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Coevolutionary Nash in Poker Games

Frans A. Oliehoek, Nikos Vlassis, and Edwin de Jong. Coevolutionary Nash in Poker Games. In Proceedings of the 17th Belgian-Dutch Conference on Artificial Intelligence (BNAIC 2005), pp. 188–193, October 2005.

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Abstract

We address the problem of learning good policies in poker games. Theclassical game theoretic approach to this problem specifies a Nashequilibrium solution, i.e., a pair of secure mixed (randomized)policies. We describe a new approach for calculating such securepolicies based on coevolution. Here, populations of pure policies forboth players are simultaneously evolved by repeated comparisonsagainst each other, and secure mixed policies are computed from bothpopulations by linear programming. The search heuristic for adding newcandidate pure policies involves computing a best-response pure policy(by solving a POMDP) that provides a worst-case payoff for each mixedpolicy. We provide experimental results suggesting that a Nashequilibrium policy can be approximated in relatively few iterations,thereby producing mixed policies with relatively small support. Weconclude that this is a promising direction of research and providedirections for future work.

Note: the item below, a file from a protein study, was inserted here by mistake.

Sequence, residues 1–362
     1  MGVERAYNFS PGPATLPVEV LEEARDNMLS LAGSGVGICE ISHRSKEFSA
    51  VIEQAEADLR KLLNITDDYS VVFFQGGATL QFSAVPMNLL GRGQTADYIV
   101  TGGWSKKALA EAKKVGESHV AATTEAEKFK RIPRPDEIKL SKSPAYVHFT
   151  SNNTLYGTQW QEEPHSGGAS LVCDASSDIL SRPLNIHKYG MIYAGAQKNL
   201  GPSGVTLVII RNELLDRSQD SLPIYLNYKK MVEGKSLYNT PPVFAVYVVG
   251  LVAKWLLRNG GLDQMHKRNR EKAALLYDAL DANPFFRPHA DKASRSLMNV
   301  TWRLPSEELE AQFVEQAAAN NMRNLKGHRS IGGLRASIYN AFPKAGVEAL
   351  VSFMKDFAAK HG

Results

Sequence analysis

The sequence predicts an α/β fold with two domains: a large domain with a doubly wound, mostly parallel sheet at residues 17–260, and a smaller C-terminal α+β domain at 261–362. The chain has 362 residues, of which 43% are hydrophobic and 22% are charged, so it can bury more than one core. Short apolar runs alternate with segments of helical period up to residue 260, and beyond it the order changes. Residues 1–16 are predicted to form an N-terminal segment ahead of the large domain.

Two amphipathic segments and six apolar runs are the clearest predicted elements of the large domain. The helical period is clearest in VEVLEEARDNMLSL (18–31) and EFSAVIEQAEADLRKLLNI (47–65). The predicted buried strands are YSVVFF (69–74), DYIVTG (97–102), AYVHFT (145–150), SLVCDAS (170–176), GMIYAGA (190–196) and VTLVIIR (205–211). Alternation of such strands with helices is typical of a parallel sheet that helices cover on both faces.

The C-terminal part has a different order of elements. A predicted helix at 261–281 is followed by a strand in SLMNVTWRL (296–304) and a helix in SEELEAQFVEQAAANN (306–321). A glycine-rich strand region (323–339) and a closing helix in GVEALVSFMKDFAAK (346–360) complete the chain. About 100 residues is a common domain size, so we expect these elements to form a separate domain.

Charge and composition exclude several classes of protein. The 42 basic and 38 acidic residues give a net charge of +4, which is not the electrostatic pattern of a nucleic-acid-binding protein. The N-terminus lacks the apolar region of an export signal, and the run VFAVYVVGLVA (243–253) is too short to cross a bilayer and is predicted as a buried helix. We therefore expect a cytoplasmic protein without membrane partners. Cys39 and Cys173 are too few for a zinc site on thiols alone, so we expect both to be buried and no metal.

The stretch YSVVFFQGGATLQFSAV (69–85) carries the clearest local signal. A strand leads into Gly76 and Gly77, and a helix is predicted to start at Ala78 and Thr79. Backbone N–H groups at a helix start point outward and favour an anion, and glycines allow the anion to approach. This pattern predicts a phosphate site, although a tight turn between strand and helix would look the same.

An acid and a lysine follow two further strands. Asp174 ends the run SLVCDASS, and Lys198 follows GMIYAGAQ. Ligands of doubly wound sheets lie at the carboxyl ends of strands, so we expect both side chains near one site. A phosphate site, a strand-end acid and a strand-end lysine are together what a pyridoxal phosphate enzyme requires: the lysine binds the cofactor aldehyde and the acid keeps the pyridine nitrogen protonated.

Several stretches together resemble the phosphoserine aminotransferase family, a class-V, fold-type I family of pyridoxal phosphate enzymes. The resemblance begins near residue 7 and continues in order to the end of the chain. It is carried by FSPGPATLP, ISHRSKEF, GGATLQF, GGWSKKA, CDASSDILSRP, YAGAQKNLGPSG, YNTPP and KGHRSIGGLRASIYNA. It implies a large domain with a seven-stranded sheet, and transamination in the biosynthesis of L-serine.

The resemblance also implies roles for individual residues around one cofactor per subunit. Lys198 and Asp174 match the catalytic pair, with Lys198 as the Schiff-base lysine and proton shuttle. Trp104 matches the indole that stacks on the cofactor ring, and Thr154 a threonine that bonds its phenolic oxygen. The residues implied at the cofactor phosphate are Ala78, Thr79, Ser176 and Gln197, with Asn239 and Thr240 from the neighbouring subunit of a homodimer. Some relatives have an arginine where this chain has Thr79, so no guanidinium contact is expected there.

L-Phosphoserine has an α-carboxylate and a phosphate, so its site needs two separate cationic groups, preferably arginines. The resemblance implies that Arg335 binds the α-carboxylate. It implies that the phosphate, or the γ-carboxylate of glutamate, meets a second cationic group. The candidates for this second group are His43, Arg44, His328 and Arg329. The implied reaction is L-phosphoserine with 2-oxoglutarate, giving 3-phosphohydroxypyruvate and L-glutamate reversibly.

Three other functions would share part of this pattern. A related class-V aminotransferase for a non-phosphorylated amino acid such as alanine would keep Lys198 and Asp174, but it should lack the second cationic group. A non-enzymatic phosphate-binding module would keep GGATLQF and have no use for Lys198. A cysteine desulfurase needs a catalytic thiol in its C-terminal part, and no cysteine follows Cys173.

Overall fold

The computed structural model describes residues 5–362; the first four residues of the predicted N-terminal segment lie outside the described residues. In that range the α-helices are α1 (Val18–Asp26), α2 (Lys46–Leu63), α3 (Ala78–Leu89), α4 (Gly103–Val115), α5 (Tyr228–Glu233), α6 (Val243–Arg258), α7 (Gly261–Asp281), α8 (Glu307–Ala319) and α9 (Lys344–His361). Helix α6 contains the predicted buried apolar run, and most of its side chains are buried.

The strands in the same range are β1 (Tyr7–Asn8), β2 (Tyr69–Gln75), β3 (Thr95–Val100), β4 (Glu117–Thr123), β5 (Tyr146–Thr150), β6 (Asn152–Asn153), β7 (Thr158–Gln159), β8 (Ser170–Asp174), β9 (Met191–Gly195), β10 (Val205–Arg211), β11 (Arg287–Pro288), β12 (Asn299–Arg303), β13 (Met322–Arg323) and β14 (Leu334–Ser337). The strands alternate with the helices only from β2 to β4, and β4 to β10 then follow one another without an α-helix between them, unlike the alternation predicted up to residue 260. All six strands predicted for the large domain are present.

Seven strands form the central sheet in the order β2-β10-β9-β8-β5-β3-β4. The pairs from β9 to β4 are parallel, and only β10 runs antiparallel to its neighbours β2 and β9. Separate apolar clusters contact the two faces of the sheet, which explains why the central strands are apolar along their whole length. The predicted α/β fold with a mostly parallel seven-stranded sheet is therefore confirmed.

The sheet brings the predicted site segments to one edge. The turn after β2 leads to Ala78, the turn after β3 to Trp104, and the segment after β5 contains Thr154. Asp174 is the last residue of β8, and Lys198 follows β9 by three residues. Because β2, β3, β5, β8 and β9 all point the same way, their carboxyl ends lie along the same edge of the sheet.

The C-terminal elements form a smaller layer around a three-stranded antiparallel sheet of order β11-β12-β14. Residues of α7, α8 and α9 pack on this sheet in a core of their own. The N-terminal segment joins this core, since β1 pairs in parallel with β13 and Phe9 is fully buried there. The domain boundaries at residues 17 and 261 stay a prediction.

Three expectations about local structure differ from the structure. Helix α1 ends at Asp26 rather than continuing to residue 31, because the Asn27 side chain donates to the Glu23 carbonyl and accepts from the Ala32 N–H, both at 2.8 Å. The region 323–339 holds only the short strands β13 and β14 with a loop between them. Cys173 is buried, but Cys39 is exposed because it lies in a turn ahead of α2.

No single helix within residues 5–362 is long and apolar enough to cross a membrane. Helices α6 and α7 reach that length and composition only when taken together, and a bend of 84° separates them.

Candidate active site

BibTeX Entry

@InProceedings{Oliehoek05BNAIC,
    author =       {Frans A. Oliehoek and Nikos Vlassis and Edwin de Jong},
    title =        {Coevolutionary {N}ash in Poker Games},
    booktitle =    BNAIC05,
    month =        oct,
    year =         2005,
    pages =        {188--193},
    abstract = 	 {
We address the problem of learning good policies in poker games. The
classical game theoretic approach to this problem specifies a Nash
equilibrium solution, i.e., a pair of secure mixed (randomized)
policies. We describe a new approach for calculating such secure
policies based on coevolution. Here, populations of pure policies for
both players are simultaneously evolved by repeated comparisons
against each other, and secure mixed policies are computed from both
populations by linear programming. The search heuristic for adding new
candidate pure policies involves computing a best-response pure policy
(by solving a POMDP) that provides a worst-case payoff for each mixed
policy. We provide experimental results suggesting that a Nash
equilibrium policy can be approximated in relatively few iterations,
thereby producing mixed policies with relatively small support. We
conclude that this is a promising direction of research and provide
directions for future work.}
}

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